Meaning of “assume” in the English Dictionary

"assume" in British English

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assumeverb [ T ]

uk /əˈsjuːm/ us /əˈsuːm/

assume verb [ T ] (ACCEPT)

B2 to accept something to be true without question or proof:

[ + (that) ] I assumed (that) you knew each other because you went to the same school.
Let's assume (that) they're coming and make plans on that basis.
[ + to infinitive ] We can't assume the suspects to be guilty simply because they've decided to remain silent.
We mustn't assume the suspects' guilt.

More examples

  • If you haven't heard by Friday, assume I'm not coming.
  • She was young and she was wearing student-type clothes so I assumed she was studying here.
  • There was a knock at the door. Now Jan knew her mother had promised to visit, so she assumed it was her.
  • They were chatting quite amiably on the phone last night so I assumed everything was okay.
  • I assumed things had gone well for him as he had a big grin on his face.

(Definition of “assume” from the Cambridge Advanced Learner’s Dictionary & Thesaurus © Cambridge University Press)

"assume" in American English

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assumeverb [ T ]

us /əˈsum/

assume verb [ T ] (ACCEPT)

to accept something as true without question or proof:

[ + (that) clause ] We can’t assume (that) he’s innocent simply because he says he is.
[ + (that) clause ] I assumed (that) nobody was home because the car wasn’t in the driveway.

assume verb [ T ] (PRETEND)

to pretend to be someone you are not, or to express a feeling falsely:

During the investigation, two detectives assumed the identities of antique dealers.
Jim assumed a look of indifference.

assume verb [ T ] (TAKE CONTROL)

to take control or claim authority, sometimes without the right to do so:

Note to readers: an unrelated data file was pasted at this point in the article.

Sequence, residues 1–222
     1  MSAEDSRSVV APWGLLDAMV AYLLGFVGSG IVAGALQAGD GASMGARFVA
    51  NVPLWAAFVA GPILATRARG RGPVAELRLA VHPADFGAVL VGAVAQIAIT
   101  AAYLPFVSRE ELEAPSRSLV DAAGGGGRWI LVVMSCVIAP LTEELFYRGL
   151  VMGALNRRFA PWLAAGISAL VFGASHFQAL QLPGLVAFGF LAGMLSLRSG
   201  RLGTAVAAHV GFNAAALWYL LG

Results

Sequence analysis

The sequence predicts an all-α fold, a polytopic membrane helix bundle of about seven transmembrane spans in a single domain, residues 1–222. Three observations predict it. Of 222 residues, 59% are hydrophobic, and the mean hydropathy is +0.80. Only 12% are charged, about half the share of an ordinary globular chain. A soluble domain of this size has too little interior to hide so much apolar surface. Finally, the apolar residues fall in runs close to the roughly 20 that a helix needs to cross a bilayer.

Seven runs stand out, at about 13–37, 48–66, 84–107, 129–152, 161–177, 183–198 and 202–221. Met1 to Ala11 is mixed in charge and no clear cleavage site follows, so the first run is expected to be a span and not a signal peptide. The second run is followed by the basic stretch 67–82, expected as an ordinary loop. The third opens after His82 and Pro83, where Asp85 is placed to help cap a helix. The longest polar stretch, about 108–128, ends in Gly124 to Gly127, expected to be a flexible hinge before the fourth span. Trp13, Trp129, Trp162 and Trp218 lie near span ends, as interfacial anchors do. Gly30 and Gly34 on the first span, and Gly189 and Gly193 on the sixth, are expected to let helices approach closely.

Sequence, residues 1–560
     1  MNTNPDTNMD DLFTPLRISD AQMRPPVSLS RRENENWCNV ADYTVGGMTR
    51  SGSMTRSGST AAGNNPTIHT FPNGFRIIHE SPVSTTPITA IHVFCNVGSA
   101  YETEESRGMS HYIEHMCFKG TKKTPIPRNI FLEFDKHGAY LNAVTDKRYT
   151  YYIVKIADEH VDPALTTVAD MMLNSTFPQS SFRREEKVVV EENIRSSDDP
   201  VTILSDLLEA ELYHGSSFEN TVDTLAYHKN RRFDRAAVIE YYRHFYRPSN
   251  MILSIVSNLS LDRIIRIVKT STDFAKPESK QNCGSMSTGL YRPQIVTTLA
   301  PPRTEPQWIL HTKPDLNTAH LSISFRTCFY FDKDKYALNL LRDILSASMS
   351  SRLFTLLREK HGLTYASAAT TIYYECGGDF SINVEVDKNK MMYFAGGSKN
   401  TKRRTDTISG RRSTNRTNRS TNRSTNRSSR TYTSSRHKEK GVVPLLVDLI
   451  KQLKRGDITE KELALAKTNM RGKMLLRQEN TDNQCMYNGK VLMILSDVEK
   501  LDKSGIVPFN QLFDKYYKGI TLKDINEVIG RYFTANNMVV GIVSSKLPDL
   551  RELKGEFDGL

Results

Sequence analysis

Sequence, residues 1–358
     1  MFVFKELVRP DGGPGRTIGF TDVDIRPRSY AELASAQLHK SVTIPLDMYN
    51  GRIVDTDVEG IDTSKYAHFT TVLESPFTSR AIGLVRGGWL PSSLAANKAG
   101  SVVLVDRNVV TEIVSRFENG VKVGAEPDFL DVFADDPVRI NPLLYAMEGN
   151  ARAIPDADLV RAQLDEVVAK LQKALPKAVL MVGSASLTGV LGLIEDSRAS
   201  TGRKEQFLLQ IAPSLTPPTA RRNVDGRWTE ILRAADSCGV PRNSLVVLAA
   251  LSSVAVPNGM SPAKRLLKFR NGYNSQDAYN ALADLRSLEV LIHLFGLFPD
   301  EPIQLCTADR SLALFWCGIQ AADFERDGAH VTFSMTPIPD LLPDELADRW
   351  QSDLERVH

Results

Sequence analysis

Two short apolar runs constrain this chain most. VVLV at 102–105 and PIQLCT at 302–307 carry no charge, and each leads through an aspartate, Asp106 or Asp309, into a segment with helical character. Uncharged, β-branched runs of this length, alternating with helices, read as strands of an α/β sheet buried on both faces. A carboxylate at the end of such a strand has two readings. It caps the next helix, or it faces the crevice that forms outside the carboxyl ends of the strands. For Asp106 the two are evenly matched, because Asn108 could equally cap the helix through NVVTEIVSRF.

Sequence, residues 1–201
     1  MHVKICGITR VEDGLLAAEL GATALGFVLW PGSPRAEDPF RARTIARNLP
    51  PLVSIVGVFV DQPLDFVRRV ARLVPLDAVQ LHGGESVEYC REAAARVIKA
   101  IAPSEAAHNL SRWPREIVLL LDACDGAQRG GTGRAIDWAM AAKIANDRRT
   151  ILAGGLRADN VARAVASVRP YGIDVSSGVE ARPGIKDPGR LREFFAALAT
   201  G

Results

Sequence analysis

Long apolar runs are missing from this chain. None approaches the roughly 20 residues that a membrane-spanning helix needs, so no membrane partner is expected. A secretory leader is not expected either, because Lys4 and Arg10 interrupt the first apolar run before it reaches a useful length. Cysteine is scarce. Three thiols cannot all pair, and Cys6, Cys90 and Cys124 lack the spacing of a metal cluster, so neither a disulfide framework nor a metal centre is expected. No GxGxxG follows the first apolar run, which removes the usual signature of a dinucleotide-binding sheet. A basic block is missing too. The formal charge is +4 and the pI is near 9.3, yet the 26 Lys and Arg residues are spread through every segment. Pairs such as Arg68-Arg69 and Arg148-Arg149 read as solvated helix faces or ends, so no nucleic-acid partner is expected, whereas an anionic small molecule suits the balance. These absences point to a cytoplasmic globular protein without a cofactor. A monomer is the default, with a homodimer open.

The new president assumes office in January.

If you assume responsibility for something, you become responsible for it.

(Definition of “assume” from the Cambridge Academic Content Dictionary © Cambridge University Press)

"assume" in Business English

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assumeverb [ T ]

uk /əˈsjuːm/ us

to begin to take control of something:

assume control/office/a role Europe has assumed a leadership role in the prevention of future global crises.
assume responsibility for sth The FSA said mortgages would not be affected when it assumed responsibility for the regulation of mortgage sales.
assume a debt/mortgage/risk In addition to paying $3 billion in cash, the newspaper group will assume $600 million of the company’s debt.

to accept that something is true without being sure about it:

We are assuming a 6% growth in sales.
assume that We can safely assume that we are ahead of the competition with this product.
Assuming that all goes well, how long is the project expected to take?

to be based on a particular idea:

These figures assume that inflation will rise no higher than 2%.

(Definition of “assume” from the Cambridge Business English Dictionary © Cambridge University Press)